A couple of weeks ago I published a very popular post on myofunctional appliances. This post is about a new trial that looks at their cost-effectiveness.
A myofunctional appliance is an intra oral appliance similar to a positioner. Its main advantage over other appliances is that it is preformed. As a result, we can fit it without taking impressions and getting the appliance made by a technician. In theory, this is great. I have based this post on a second paper from a trial that I have previously discussed. Emina Čirgić and a great research team from Gothenburg, Sweden did this study. The European Journal of Orthodontics published the paper.
Emina Čirgić et al
European Journal of Orthodontics, 2017, 1–7 doi:10.1093/ejo/cjx077
The team asked this question;
“Was there a difference in the costs of reducing large overjets with a preformed myofunctional appliance or an Andreasen Activator”?
What did they do?
They did a large multi-centre RCT in a general dental practice setting. The PICO was:
Participants: 97 children with a mean age of 10.3 years (SD+1.64) with an overjet of greater than 6mm.
Intervention: Myofunctional appliances
Comparison: Andresen Activator
Outcomes: Success of treatment and societal costs of treatment. This included the Direct costs (chair time) and Indirect costs (Parent time and costs).
Randomisation, concealment and allocation was clear. They collected and analysed the data blind.
General dental practitioners provided the treatment under the direction of an orthodontist. This is standard delivery of care in Sweden.
They asked the participants to wear their appliance nightly and for 2 hours during the day. This was for a total of 12-14 hours.
What did they find?
They classified successful treatment as a final overjet of less than 3mm. If the overjet was not reduced at all, they classified the treatment as unsuccessful. The mean treatment duration for the Andresen was 1.5 years and for the myofunctional appliance it was 1.2 years. This was not statistically significant.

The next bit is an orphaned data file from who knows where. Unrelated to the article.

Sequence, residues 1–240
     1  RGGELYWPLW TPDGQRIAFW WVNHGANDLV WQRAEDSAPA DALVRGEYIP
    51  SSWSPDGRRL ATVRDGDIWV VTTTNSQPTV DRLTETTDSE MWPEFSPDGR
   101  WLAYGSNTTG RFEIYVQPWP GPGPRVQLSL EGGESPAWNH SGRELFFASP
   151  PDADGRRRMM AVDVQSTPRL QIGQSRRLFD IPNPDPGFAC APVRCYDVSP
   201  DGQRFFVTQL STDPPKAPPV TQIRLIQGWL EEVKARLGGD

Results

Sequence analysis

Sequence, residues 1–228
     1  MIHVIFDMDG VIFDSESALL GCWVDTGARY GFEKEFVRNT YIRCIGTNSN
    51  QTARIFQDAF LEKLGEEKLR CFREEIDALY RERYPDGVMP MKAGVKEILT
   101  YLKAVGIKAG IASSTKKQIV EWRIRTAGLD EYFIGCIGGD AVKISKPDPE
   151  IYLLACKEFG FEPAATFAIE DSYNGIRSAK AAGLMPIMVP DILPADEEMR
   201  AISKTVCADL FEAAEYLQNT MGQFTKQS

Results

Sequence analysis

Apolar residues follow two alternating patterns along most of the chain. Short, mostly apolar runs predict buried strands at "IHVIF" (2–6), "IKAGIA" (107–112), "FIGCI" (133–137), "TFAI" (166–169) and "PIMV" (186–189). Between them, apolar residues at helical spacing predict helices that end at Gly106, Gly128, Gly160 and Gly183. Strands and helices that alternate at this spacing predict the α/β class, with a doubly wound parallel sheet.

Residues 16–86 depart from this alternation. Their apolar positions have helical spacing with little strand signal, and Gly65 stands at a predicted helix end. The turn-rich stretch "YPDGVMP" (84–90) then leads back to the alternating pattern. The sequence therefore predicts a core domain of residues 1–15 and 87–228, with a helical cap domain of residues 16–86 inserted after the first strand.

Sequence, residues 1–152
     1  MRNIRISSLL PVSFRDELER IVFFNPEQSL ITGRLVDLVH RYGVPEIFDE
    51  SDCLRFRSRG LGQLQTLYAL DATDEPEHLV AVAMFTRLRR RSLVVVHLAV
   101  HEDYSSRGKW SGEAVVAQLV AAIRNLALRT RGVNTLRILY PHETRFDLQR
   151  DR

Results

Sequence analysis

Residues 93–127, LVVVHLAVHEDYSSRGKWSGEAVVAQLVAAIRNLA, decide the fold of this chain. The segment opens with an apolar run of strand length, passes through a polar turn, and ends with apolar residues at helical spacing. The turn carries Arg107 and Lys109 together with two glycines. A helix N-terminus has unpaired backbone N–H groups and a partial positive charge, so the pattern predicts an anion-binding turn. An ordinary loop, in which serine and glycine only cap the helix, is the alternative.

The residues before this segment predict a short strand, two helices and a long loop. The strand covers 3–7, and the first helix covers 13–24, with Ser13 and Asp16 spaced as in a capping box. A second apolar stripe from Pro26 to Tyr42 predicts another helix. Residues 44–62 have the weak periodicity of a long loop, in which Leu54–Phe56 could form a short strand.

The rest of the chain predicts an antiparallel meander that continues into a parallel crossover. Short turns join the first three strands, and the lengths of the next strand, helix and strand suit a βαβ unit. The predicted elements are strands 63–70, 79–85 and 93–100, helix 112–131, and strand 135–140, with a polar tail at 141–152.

They achieved a successful treatment outcome for only 37% of the participants.
I have extracted the process data into this table.
|Number of visits||11.45 (10.4-12.6)||8.4 (7.7-9.2)||3 (1.5–4.5)||<0.001|
|Emergency visits||0.7 (0.4–1.0)||0.1 (0.03–0.2)||0.6 (0.3–0.9)||0.6 (0.3–0.9)|
|Chair time (mins)||245 (213–277)||167 (149–185)||167 (149–185)||<0.001|
|Costs (Euros)||1548 (1366–1730)||974 (876–1071)||574 (385–764)||<0.001|
Their overall conclusions were
- Myofunctional treatment is more cost-effective than activator treatment. This was because there were no technicians costs and there was a high number of emergency visits for the activator patients.
- Both appliances had a low overall success rate.
What did I think?
I thought that this was a really ambitious study that they did in a “real world” setting. This was not easy. Importantly, this study provided data on the costs and process of treatment. These are very useful outcomes for both ourselves and our patients. Again, it was great to read a “functional appliance” paper that did not have any cephalometrics.
I am being very critical, but I spotted that they allocated more patients allocated to the myofunctional appliance than the activator. This suggests that there may have been a problem with the randomisation. As a result, this study may have some bias.
I would really have liked to see the Twin Block studied in this way and maybe this is another study.
I cannot help feeling disappointed at the low success rate for both of the interventions. When we have done studies with the Twin Block the overall failure rate was about 20%. However, specialists did these treatments and they may be more likely to be successful with the treatment than general dental practitioners. However, this is just conjecture.
One criticism that I know will come from the myofunctional physicians/orthodontists is that the practitioners did not prescribe any of the breathing exercises that they recommend. I hope that another study can be done that includes the exercises.
Finally, this is a great example of a study that can be done on myofunctional appliances. Perhaps the myobrace “scientific advisor” or the company could start working on similar studies. This just needs time, effort and a willingness to randomise.
I think that I would use myofunctional appliances, if other trials showed a higher success rate. In the meantime, I will continue to use the Twin Block because of the evidence from trials on its effectiveness.